On the threatening side, the talented Bombers did arrive at the tournament 37-5, and many of them are big for their age. They also come from the same neck of the streets as the Paulino All-Stars, which tried to pass off 14-year-old Danny Almonte as a 12-year-old in the 2001 Little League World Series. As long ago as that was -- Almonte went on to become an assistant baseball coach at James Monroe High in the Bronx -- the stigma remains.
Either way, the Bombers blithely make their way in a youth baseball world that doesn't always welcome them with open arms, a world made up of serious travel squads from suburban communities. They all flock to places like Diamond Nation, an impressive baseball-industrial complex that's built on farmland and the vicarious hopes of parents. And, truth be told, these places are magnets for pro and college scouts, who find it easier to watch 60 teams in a weekend than to go from place to place.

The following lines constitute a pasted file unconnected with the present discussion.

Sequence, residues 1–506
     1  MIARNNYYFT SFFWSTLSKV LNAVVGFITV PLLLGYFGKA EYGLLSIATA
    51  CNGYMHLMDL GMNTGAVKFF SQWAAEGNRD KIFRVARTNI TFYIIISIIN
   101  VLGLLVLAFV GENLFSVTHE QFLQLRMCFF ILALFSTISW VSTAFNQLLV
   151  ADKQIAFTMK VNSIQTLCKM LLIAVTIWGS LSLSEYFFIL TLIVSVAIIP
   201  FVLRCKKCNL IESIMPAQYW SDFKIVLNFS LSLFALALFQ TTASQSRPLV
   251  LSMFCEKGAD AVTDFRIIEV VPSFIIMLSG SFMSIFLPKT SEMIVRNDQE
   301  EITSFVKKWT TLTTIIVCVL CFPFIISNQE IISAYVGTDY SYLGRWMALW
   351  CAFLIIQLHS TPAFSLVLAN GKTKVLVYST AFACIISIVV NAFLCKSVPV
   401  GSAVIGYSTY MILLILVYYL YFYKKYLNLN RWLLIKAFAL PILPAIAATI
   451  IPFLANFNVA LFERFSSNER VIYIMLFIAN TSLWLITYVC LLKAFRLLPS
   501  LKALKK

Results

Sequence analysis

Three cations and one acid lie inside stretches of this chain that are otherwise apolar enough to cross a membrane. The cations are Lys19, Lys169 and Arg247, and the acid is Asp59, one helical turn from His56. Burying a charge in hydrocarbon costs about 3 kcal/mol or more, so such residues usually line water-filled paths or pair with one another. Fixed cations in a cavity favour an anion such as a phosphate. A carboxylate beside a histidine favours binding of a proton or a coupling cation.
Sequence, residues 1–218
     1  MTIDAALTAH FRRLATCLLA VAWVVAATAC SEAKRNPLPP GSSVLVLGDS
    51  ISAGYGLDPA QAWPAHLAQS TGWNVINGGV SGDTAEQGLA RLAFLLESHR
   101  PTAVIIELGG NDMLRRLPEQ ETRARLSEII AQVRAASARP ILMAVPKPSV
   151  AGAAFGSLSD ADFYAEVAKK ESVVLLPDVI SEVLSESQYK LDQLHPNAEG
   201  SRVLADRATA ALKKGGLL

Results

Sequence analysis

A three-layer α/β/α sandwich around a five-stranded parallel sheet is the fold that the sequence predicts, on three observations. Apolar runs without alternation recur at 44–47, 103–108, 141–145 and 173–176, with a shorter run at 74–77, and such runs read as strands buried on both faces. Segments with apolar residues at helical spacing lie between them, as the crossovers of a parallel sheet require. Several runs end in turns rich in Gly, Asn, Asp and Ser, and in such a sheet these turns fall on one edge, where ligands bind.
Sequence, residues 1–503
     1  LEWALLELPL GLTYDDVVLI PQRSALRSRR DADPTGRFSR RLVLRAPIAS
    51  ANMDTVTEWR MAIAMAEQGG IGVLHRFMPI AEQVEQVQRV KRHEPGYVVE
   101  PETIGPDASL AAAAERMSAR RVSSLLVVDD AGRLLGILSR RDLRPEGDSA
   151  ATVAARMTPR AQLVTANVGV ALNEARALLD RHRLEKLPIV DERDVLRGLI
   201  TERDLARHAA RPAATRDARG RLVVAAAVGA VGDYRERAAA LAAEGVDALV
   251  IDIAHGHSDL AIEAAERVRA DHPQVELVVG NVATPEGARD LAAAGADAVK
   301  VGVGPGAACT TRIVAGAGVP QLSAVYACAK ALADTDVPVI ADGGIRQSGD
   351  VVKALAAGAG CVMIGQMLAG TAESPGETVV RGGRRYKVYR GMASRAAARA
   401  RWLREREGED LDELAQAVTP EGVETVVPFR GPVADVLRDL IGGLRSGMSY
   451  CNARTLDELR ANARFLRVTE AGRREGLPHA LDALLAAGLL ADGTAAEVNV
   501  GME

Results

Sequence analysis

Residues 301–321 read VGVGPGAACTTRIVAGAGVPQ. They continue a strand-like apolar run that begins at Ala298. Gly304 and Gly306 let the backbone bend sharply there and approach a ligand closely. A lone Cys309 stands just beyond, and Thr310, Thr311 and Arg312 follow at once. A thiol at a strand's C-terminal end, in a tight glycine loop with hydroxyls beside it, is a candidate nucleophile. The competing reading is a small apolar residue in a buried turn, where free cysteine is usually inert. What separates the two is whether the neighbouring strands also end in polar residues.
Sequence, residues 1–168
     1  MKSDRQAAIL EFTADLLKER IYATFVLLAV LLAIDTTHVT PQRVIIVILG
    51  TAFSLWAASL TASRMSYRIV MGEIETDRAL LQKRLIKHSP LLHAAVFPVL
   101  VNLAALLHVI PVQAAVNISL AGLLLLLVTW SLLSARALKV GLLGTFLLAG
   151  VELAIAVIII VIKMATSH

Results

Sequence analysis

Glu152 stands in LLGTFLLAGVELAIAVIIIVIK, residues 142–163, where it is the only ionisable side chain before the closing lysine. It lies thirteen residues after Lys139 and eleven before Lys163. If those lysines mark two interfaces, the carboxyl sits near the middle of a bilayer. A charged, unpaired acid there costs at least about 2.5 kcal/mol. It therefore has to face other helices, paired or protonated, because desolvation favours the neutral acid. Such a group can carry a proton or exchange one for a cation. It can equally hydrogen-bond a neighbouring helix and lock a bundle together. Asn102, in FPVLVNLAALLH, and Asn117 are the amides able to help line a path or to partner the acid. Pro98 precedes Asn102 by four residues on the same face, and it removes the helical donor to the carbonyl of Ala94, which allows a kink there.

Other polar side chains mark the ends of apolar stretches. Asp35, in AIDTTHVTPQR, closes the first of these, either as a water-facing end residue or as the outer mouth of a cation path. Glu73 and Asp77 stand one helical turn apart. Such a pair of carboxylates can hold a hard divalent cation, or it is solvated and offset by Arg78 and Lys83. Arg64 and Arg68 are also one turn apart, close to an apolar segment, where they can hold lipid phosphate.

"When I was growing up, summer ball was maybe 20 games," said Al Leiter, the former All-Star pitcher and current Yankees broadcaster whose son Jack plays for the Jersey Boyz. "Now, they play 60 and 70 games. I know it sounds like a lot, like I've become one of those Tiger Dads who believe in 10,000 hours, but it's really what the kids want to do. Jack loves it."
But even Leiter is a little worried about the size of the Bombers, especially in comparison to his own son, who's a second baseman on the small side. "I'm not questioning their ages," Leiter said. "But I'm guessing they're so big because they can attract all the best players in the area, kids drawn by all the trophies they win."
He needn't have worried. The game is tied 1-1 in the top of the seventh (last) inning when Jack Leiter hits a two-run double, and the Boyz hold on for a 3-1 victory. "Happy Father's Day," said a beaming Leiter.
The Bombers shrug their shoulders as they pack up and join their consoling parents. The only sour note is struck by the disgruntled dad, who says, "I still think they're too big."